Japanese manufacturer Sony reported healthy growth from its smartphone business in its earnings for the first quarter of its financial year. Sony shipped 9.6m smartphones in the quarter ending on the 30th of June; up 30 per cent year-on-year. In addition to increases volumes, Sony also managed to increase the average selling price of its handsets; hitting an all-time high for the company at 29,735 yen (€244). The company's Mobile Products and Communications unit reported an operating profit for the first time since the consolidation of Sony Ericsson.
For those in the second tier of Android manufacturers, life in Samsung's shadow is tough. The early Android leaders HTC and Motorola have both fallen on tough times with shipments declining steeply. Profit has been even tougher to come by with Sony and LG regularly reporting losses from their handset businesses. HTC expects to report its first ever loss-making quarter in Q3 of this year. Motorola is by far the worst performing financially; reported operating loss of more than 23 per cent in all of the four quarters since its acquisition by Google closed.
Since the consolidation of Sony Ericsson into Sony, the Japanese company has made no secret of its plans to make the smartphone business a key part of its overall hardware portfolio going forward. Smartphone shipments have grown strongly since 2010 and the company wound down its non-smartphone business in 2012 during its merger with Sony Group. This transition proved expensive as Sony's Mobile Products and Communication group reported an operating loss of 97.2bn yen (€913m) in its last financial year (April 2012 to March 2013).
The Sony Xperia Z was released at the start of the year and it was arguably the first device designed entirely since Sony took complete control. The device can be credited with the turnaround in Sony's mobile business. The stylish flagship product was very well received. Not only has smartphone shipments for Sony, but the increase in average selling price points to a shift towards high-end products such as the Xperia Z.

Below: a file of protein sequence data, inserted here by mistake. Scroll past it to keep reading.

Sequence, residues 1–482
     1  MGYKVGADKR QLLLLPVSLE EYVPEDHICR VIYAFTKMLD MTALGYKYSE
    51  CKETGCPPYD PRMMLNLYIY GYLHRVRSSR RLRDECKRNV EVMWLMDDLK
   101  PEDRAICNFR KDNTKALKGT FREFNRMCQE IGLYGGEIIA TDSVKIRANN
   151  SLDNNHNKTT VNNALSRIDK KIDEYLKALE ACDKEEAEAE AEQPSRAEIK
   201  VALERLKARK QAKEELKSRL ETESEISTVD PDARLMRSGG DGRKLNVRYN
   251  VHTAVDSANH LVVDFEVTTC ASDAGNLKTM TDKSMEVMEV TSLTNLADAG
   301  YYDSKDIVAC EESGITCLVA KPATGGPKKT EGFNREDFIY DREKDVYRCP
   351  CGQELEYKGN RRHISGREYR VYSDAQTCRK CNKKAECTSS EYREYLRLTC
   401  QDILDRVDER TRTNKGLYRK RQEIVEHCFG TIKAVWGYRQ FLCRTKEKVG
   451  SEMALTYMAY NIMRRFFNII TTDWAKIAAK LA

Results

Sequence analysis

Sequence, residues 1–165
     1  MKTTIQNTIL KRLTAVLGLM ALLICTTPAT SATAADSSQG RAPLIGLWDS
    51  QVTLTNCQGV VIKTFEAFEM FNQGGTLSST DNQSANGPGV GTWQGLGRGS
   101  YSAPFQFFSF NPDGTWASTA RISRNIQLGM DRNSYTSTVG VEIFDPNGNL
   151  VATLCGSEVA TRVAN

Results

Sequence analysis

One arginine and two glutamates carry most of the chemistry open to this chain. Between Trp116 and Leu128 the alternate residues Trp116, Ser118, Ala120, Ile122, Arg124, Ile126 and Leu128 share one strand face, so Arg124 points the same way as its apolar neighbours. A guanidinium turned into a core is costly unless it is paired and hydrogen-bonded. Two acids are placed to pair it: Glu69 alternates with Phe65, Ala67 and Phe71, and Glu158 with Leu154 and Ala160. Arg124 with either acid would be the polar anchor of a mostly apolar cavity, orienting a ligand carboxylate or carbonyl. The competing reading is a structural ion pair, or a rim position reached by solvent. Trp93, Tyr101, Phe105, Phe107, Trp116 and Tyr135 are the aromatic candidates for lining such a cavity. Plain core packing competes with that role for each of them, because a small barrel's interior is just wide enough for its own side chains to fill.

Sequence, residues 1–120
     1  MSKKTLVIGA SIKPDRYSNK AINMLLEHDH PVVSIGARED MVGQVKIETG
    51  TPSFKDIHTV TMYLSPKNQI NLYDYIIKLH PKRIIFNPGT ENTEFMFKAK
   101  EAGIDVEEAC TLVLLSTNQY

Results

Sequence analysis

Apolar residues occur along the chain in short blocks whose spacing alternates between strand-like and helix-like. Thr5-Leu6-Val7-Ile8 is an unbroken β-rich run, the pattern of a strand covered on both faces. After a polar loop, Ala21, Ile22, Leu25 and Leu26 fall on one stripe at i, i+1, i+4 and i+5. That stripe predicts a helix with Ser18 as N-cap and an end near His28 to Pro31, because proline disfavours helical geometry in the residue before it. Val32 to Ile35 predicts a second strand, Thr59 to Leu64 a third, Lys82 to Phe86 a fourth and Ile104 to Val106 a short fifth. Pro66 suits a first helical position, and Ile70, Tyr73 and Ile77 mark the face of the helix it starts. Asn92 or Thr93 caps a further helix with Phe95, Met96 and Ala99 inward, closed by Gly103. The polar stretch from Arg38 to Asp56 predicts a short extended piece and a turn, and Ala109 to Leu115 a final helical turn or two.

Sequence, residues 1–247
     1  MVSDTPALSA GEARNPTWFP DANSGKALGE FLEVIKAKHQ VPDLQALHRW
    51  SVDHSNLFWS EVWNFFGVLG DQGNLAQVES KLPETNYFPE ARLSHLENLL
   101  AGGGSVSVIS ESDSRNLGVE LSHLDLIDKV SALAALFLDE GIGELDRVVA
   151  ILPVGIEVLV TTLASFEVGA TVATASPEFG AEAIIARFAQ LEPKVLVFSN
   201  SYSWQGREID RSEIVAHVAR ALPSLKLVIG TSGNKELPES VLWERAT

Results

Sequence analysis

Recovering profitability is also a major milestone for the mobile segment in Sony. Given the financial struggles of many of its competitors, simply being able to turn a profit should ensure survival. Many of its fellow Japanese players have already exited the handset market; Mitsubishi, Hitachi, Toshiba and most recently NEC and Casio. IHS expects further consolidation in the wider handset market, as the smartphone market matures and scale becomes increasingly important. While Sony have the stated aim of becoming the number three smartphone vendor in the world behind Samsung and Apple, it will be difficult to overtake the larger Chinese brands Huawei, ZTE and Lenovo without competing at much lower price points than the Xperia Z. This would cause a significant drop in average selling price which would put pressure on Sony's supply chain management and manufacturing processes to remain profitable.
As part of Sony Group, the mobile business has financial security but also ready access to excellent camera technology as well as its own semiconductor facility. It also has the ability to leverage Sony's music and games content though as yet Sony Mobile has not worked out the best way to do this.